Collectivist And Individualist Cultures Cultural Studies Essay

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Cultures are typically divided into two categories: collectivist and individualist. Individualist cultures, such as those of the United States and Western Europe, emphasize personal achievement at the expense of group goals, resulting in a strong sense of competition. Collectivist cultures, such as those of China, Korea, and Japan, emphasize family and work group goals.

The Geert Hofstede analysis for China is similar to that of Hong Kong where Long-term Orientation is the highest-ranking factor. However, the Chinese rank lower than any other Asian country in the Individualism factor. This can be attributed primarily to the Communist rule and its emphasis on a collectivist culture.

Geert Hofstede analysis for China has Long-term Orientation (LTO) the highest-ranking factor (118), which is true for all Asian cultures. This Dimension indicates a society's time perspective and an attitude of persevering; that is, overcoming obstacles with time, if not with will and strength. (see Asian countries graph below).

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The Chinese rank lower than any other Asian country in the Individualism (IDV) ranking, at 20 compared to an average of 24. This may be attributed, in part, to the high level of emphasis on a Collectivist society by the Communist rule, as compared to one of Individualism.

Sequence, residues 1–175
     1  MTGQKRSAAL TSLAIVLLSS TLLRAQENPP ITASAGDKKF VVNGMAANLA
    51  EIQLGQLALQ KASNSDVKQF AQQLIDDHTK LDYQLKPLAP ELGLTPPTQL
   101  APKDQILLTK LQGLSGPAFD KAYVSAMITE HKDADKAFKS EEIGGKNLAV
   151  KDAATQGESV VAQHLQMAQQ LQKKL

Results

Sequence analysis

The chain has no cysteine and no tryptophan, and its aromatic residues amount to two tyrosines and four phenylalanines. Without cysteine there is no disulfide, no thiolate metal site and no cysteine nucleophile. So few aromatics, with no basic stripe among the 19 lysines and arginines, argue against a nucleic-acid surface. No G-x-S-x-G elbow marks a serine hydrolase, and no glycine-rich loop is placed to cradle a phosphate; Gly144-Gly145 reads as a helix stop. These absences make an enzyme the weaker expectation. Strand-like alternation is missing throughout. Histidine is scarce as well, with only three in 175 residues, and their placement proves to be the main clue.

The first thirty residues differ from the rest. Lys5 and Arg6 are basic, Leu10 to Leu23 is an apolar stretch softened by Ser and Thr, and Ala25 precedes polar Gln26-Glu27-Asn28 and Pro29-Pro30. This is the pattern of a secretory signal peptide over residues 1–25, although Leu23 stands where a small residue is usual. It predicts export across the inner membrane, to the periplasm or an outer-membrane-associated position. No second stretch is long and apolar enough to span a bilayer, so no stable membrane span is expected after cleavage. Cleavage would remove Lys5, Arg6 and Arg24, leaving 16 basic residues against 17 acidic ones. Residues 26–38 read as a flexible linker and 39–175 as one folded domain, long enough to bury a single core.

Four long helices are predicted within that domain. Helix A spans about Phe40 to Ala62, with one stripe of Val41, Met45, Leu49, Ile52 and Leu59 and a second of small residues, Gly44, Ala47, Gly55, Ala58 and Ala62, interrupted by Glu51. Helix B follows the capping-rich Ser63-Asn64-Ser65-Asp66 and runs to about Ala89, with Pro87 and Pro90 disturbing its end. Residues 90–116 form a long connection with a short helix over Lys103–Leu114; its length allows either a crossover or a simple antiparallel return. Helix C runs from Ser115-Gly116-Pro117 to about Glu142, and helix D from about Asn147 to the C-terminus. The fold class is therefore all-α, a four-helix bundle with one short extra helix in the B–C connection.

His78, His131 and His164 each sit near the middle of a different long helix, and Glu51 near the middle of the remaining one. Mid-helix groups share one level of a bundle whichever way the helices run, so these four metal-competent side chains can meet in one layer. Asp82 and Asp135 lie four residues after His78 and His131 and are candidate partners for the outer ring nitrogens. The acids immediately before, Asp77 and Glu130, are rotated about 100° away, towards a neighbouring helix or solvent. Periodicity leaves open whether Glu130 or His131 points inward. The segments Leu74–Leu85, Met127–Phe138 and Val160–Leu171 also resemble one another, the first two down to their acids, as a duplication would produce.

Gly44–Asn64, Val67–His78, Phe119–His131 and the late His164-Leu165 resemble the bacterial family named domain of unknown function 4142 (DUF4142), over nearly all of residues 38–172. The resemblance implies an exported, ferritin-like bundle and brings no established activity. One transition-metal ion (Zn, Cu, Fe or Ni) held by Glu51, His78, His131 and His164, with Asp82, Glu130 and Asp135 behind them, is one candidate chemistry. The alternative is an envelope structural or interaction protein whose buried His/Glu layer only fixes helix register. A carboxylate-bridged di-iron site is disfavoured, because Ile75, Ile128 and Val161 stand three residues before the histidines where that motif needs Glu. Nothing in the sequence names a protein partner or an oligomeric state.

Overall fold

The low Individualism ranking is manifest in a close and committed member 'group', be that a family, extended family, or extended relationships. Loyalty in a collectivist culture is paramount. The society fosters strong relationships where everyone takes responsibility for fellow members of their group.

Canada has a population just less than 30 million people in a country twice the area of the United States. The heritage of Canada was French and English; however, significant immigration from Asia and Europe's non-French and English countries has broadened Canada's cultural richness. This cultural diversity is considered a national asset, and the Constitution Act prohibits discrimination against individual citizens on the basis of race, color, religion, or sex. The great majority of Canadians are Christian. Although the predominant language in Canada is English, there are at least three varieties of French that are recognized: Quebecois in Quebec, Franco-Manitoban throughout Manitoba and particularly in the St. Boniface area of Winnipeg, and Acadian. The Italian language is a strong third due to a great influx of Italian immigrants following W.W.II.

Canada's three major cities are distinctively, even fiercely different from one another even though each is a commercially thriving metropolitan center. Montreal, established in the 17th century and the largest French city outside France, has a strong influence of French architecture and culture. It is a financial and manufacturing center and seaport, with the majority of Canada's European exports and imports coming through its harbor. Toronto, another major financial and commercial center, is filled with office towers not historic buildings. It has a great number of people living in and around the central business district. The downtown district does not "close up" when people leave work. Vancouver, nestled at the base of the Coast Mountains, is the financial, commercial, agricultural, and industrial center for western Canada. It's harbor and mountains make it one of Canada's most picturesque. Consequently, West Vancouver is the most densely populated urban area and has the highest income per person of any municipality.